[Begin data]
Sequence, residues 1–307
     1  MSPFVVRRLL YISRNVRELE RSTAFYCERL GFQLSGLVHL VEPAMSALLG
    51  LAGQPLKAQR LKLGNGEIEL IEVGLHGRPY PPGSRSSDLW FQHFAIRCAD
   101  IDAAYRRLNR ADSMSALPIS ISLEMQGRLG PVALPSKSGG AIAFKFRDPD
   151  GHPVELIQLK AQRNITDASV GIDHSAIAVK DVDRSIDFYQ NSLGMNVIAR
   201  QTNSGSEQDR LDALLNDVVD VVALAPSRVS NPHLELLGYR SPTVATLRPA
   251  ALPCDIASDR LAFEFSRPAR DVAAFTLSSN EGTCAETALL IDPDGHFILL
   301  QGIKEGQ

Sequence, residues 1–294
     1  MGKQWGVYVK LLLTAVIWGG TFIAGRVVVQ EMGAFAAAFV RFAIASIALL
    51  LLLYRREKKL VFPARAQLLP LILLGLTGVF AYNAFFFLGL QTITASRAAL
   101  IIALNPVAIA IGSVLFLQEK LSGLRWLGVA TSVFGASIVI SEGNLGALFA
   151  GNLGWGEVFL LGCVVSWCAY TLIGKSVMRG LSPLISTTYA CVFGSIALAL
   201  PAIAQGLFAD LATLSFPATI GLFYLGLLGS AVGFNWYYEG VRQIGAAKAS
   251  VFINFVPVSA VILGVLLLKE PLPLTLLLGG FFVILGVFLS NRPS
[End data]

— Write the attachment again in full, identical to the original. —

Sequence, residues 1–307
     1  MSPFVVRRLL YISRNVRELE RSTAFYCERL GFQLSGLVHL VEPAMSALLG
    51  LAGQPLKAQR LKLGNGEIEL IEVGLHGRPY PPGSRSSDLW FQHFAIRCAD
   101  IDAAYRRLNR ADSMSALPIS ISLEMQGRLG PVALPSKSGG AIAFKFRDPD
   151  GHPVELIQLK AQRNITDASV GIDHSAIAVK DVDRSIDFYQ NSLGMNVIAR
   201  QTNSGSEQDR LDALLNDVVD VVALAPSRVS NPHLELLGYR SPTVATLRPA
   251  ALPCDIASDR LAFEFSRPAR DVAAFTLSSN EGTCAETALL IDPDGHFILL
   301  QGIKEGQ

Sequence, residues 1–294
     1  MGKQWGVYVK LLLTAVIWGG TFIAGRVVVQ EMGAFAAAFV RFAIASIALL
    51  LLLYRREKKL VFPARAQLLP LILLGLTGVF AYNAFFFLGL QTITASRAAL
   101  IIALNPVAIA IGSVLFLQEK LSGLRWLGVA TSVFGASIVI SEGNLGALFA
   151  GNLGWGEVFL LGCVVSWCAY TLIGKSVMRG LSPLISTTYA CVFGSIALAL
   201  PAIAQGLFAD LATLSFPATI GLFYLGLLGS AVGFNWYYEG VRQIGAAKAS
   251  VFINFVPVSA VILGVLLLKE PLPLTLLLGG FFVILGVFLS NRPS